(CNSNews.com) - The California Energy Commission has proposed requiring thermostats that allow the government to control the temperature of homes and businesses in case of high energy prices or shortages, a measure that some critics are calling "draconian."
The proposed regulations would require all residential and non-residential buildings to have a Programmable Communicating Thermostat (PCT).
The regulations state that "all PCTs shall be distributed with a non-removable Radio Data System (RDS) communications device ... which can be used by utilities to send price and emergency signals." For price events, thermostats can be offset by up to four degrees, but "customers shall be able to change the offsets and thermostat settings at any time during price events."
Upon receiving an emergency signal, "the PCT shall respond to commands contained in the emergency signal, including changing the setpoint by any number of degrees or to a specific temperature setpoint. The PCT shall not allow customer changes to thermostat settings during emergency events."
"This brings new meaning to the term 'climate control,'" said Peyton Knight, director of environmental and regulatory affairs at the conservative National Center for Public Policy Research.
"One of the reasons that liberal societies have free markets ... is so that people can make judgments and make tradeoffs for themselves," Tom Firey, regulatory policy analyst with the libertarian Cato Institute, told Cybercast News Service.
"In a sense, what California is doing is making the price infinite - at no price can you get the energy you need," he said. "They could claim that they are trying to give people a price break, but in a theoretical sense they're actually not - they are saying 'you can't get it at all,' which isn't a price break, it's an infinite price."
While Firey said the proposal would not be effective, he acknowledged that the California Energy Commission has some legitimate concerns.
"There is actually some reason behind this idiocy," he said. "The reasoning is that most of our power problems are [during] peak usage ... when everyone's got their heater or air conditioner and lights on and they are really drawing the juice.
"One of the things people don't realize is that we have a lot of generation capacity that is just out there to be used a few days a year - just for those peak moments," Firey added.
"The notion that we want people at those times to cut back on their use - and that doing that will help everyone because we won't need all of this generation capacity that sits unused most of the time - is sensible," said Firey.
"If the government wants to be stringent enough, they can certainly reduce consumption in this way," said Jerry Ellig, a senior research fellow at the Mercatus Center at George Mason University. "I'd call it the worst way to accomplish the goal, though."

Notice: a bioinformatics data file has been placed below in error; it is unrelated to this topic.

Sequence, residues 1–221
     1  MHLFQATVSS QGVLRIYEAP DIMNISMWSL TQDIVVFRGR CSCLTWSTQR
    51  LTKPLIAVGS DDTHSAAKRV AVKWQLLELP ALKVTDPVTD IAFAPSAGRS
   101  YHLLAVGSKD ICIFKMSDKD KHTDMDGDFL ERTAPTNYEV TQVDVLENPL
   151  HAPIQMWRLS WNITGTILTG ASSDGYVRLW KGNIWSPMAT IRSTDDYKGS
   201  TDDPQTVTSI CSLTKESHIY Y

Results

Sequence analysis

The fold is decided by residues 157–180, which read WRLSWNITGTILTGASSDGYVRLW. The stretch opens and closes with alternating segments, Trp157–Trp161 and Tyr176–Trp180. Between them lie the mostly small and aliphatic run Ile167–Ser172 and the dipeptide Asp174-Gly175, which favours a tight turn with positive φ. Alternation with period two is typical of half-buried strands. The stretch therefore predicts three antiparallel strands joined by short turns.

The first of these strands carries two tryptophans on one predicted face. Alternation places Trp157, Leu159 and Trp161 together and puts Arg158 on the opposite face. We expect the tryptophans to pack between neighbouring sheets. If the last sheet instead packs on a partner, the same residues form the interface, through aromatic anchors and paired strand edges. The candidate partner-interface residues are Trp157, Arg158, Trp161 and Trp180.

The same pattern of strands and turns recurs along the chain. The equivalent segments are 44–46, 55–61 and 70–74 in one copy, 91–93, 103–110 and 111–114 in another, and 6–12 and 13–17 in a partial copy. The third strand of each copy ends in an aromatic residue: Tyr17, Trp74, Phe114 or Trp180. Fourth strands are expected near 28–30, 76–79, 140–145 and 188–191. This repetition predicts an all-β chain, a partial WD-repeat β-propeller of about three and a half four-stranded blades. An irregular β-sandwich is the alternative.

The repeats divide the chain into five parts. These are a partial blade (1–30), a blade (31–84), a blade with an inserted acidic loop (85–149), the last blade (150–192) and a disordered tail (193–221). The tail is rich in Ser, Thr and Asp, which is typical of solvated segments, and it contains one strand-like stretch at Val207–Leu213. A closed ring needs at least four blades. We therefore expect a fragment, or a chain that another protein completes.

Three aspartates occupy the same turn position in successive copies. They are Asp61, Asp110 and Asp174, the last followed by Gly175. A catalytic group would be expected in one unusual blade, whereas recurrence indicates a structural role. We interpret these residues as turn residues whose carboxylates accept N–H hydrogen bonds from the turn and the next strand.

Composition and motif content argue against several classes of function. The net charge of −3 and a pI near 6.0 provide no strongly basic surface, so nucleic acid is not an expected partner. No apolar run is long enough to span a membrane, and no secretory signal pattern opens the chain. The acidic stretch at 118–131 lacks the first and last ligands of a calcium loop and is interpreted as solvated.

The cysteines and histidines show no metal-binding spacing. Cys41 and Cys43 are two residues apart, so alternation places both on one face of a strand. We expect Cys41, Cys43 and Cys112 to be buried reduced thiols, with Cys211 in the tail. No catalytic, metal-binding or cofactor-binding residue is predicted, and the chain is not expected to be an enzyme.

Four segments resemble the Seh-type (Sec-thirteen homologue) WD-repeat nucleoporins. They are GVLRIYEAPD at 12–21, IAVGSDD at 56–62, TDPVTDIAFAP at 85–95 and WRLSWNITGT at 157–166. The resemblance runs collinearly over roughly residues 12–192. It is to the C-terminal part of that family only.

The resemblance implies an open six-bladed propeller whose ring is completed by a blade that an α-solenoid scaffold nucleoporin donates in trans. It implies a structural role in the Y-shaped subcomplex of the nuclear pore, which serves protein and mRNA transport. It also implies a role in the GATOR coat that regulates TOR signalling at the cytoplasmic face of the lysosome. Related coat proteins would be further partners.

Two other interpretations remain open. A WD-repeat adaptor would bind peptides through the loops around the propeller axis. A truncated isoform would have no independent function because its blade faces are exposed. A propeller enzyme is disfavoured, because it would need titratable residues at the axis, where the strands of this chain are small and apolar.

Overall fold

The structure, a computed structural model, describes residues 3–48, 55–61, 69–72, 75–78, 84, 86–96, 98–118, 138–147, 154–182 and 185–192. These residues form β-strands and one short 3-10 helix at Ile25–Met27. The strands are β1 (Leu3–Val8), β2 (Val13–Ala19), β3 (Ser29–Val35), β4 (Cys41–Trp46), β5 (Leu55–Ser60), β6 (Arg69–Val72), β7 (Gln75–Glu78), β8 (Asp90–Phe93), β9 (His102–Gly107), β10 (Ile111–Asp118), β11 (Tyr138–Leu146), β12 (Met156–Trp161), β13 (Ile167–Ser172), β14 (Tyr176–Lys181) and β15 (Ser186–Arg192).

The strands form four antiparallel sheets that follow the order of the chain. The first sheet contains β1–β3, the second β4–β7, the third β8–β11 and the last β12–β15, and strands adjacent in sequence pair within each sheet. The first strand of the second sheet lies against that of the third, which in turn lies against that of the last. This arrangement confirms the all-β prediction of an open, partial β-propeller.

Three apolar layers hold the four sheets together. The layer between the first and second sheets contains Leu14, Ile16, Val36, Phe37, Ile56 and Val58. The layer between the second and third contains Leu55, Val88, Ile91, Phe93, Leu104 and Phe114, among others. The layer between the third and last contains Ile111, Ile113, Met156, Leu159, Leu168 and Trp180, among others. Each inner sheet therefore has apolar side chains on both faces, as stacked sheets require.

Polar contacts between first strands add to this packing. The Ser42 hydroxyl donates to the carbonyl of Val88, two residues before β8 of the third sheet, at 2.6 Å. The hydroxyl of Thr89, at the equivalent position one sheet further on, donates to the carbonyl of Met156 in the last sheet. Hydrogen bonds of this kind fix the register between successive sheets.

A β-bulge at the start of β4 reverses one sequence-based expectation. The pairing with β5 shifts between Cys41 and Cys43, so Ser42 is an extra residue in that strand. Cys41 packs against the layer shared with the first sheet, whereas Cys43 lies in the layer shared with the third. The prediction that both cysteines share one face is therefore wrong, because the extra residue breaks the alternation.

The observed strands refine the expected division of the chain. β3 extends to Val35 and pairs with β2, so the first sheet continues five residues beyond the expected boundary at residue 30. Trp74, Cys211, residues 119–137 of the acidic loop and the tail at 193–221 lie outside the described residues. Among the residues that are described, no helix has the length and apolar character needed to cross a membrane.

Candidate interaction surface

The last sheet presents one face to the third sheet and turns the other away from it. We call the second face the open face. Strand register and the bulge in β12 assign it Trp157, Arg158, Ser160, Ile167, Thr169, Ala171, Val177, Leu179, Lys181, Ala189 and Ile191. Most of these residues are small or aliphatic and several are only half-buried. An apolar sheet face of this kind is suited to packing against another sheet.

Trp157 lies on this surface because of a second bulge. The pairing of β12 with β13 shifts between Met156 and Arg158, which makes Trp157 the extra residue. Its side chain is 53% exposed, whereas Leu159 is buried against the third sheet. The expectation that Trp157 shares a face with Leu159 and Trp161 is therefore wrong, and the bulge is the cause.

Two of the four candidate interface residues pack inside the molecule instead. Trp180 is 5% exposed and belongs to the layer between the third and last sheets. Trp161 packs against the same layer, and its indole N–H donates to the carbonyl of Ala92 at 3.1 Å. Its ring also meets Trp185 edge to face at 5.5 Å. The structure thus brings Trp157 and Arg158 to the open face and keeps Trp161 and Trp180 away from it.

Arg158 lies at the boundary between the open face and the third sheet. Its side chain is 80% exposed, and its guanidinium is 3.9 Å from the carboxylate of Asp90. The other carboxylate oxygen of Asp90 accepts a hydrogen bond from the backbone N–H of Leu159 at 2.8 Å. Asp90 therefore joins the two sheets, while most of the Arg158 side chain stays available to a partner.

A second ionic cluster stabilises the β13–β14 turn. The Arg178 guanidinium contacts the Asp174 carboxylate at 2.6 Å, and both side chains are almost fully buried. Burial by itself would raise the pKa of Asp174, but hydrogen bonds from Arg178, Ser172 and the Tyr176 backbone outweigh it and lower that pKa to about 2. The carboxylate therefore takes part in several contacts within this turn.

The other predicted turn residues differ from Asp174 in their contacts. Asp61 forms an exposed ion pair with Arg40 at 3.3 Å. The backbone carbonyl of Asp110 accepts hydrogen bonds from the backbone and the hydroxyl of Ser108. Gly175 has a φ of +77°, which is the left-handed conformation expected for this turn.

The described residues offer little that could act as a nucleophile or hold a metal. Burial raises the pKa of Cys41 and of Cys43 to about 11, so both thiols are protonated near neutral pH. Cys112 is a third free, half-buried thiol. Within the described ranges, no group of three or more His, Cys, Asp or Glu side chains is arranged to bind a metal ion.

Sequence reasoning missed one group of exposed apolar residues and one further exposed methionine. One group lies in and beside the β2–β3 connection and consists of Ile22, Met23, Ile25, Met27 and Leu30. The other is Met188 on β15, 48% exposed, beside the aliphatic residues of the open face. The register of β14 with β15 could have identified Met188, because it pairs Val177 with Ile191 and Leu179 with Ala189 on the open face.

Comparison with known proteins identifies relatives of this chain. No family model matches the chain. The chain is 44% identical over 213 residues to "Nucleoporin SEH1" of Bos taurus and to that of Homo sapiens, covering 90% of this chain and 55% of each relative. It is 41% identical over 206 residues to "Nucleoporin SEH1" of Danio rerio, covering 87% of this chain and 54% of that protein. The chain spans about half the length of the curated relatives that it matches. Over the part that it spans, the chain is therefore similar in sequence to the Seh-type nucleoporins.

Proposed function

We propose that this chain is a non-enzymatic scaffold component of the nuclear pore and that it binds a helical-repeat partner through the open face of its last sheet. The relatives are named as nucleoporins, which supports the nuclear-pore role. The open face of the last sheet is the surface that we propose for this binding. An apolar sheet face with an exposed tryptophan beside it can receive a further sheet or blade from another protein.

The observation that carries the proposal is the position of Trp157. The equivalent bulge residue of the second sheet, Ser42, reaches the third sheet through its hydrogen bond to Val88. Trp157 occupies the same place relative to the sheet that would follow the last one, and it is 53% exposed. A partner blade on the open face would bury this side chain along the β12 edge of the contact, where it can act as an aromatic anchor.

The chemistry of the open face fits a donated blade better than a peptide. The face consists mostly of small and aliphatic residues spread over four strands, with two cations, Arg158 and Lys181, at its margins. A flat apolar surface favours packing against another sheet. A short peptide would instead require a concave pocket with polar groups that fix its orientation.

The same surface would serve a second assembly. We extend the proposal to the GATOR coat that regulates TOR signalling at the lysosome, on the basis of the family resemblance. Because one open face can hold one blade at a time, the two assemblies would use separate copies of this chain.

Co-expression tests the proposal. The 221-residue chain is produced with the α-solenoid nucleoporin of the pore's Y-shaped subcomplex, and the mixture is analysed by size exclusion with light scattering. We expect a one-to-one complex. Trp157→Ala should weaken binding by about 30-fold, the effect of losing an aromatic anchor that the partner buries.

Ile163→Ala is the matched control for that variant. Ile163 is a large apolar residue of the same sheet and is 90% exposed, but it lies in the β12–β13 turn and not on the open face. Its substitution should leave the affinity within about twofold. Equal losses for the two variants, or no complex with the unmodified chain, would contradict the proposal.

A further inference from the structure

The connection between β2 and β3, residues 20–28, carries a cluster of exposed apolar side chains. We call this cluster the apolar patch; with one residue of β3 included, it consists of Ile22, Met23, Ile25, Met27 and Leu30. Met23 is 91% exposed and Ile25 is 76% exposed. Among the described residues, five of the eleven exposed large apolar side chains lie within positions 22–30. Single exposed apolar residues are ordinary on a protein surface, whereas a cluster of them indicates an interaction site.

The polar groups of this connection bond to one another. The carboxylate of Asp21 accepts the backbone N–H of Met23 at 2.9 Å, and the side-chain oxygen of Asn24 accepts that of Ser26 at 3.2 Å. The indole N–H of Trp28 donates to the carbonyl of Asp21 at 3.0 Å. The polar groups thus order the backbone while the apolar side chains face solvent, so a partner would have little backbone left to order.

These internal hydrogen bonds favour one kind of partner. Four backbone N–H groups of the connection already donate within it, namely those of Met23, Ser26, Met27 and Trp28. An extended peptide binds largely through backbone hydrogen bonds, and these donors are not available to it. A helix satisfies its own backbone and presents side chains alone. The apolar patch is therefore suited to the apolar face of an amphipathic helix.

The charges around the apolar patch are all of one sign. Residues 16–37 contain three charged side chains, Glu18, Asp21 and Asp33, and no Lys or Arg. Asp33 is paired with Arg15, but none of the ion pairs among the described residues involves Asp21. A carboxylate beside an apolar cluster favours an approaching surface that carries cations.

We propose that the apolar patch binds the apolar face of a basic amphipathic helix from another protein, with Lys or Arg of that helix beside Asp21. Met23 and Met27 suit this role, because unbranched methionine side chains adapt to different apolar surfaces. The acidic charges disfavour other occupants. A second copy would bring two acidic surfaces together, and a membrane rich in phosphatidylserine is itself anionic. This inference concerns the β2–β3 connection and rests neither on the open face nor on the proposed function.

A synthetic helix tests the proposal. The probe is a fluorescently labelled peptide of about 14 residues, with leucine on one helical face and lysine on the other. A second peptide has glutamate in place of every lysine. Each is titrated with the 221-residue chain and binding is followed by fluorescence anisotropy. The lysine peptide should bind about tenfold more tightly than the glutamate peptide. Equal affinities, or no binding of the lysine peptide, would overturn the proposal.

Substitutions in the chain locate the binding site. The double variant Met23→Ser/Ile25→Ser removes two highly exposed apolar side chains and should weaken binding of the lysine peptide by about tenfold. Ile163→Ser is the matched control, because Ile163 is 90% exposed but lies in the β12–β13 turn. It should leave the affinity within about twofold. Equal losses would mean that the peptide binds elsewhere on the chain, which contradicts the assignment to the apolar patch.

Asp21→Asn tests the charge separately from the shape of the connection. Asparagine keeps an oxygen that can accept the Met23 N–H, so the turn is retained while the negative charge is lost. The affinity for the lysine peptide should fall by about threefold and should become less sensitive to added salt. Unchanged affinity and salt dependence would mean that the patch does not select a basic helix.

Ellig said the California approach does not address the needs of all users.
"There are ways to induce people to reduce their consumption that respect individual diversity, medical conditions, [and] individual preferences," he told Cybercast News Service. "Public policy ought to respect that type of diversity."
He said the same technology that would control thermostats could be used to give consumers real time energy prices, allowing them to decide how to adjust their thermostats accordingly.
Ellig noted that experiments in the state of Washington that gave customers real-time information showed significant reductions in the amount of energy people chose to use.
"The great thing about real-time pricing and smart thermostats is that they allow individuals to reduce their consumption in response to prices, taking their own preferences and priorities into account," he said.
"That means the goal of reduced consumption can be accomplished at the least possible pain to consumers. The California proposal is a meat-axe approach that simply assumes everyone must cut back usage by an equal amount," Ellig added.
"Aside from obvious problems such as endangering the sick and elderly, who may require a certain climate, and distorting energy markets and causing more frequent shortages, this draconian plan will be felt disproportionately throughout the state," Knight added.
He noted that, for example, San Franciscans might not mind the regulation "because during the dog days of summer their average temperature is 20 degrees cooler than the central and western portions of the state."
"While the well-to-do sip Margaritas in the cool bay breeze, the less fortunate might be inhabiting their refrigerators," he told Cybercast News Service.
The commission will decide on Jan. 30 whether or not to adopt the regulations.
"I would really be surprised if this survives," Ellig said. "I think the idea that the government would reach into your house and control your thermostat on a basic level is just so repugnant to most people that this kind of idea doesn't have any kind of traction."
The California Energy Commission did not return phone calls seeking comment for this article.
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